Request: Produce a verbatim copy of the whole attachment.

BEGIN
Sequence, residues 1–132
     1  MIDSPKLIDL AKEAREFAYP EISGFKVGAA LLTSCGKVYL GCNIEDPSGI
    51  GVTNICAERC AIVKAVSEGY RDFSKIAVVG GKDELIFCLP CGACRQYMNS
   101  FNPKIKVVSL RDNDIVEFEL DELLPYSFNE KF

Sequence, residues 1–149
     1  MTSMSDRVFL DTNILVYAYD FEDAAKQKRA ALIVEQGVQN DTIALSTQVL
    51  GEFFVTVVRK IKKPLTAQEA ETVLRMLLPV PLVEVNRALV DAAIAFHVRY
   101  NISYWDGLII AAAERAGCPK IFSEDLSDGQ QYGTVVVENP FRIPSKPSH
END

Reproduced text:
Sequence, residues 1–132
     1  MIDSPKLIDL AKEAREFAYP EISGFKVGAA LLTSCGKVYL GCNIEDPSGI
    51  GVTNICAERC AIVKAVSEGY RDFSKIAVVG GKDELIFCLP CGACRQYMNS
   101  FNPKIKVVSL RDNDIVEFEL DELLPYSFNE KF

Sequence, residues 1–149
     1  MTSMSDRVFL DTNILVYAYD FEDAAKQKRA ALIVEQGVQN DTIALSTQVL
    51  GEFFVTVVRK IKKPLTAQEA ETVLRMLLPV PLVEVNRALV DAAIAFHVRY
   101  NISYWDGLII AAAERAGCPK IFSEDLSDGQ QYGTVVVENP FRIPSKPSH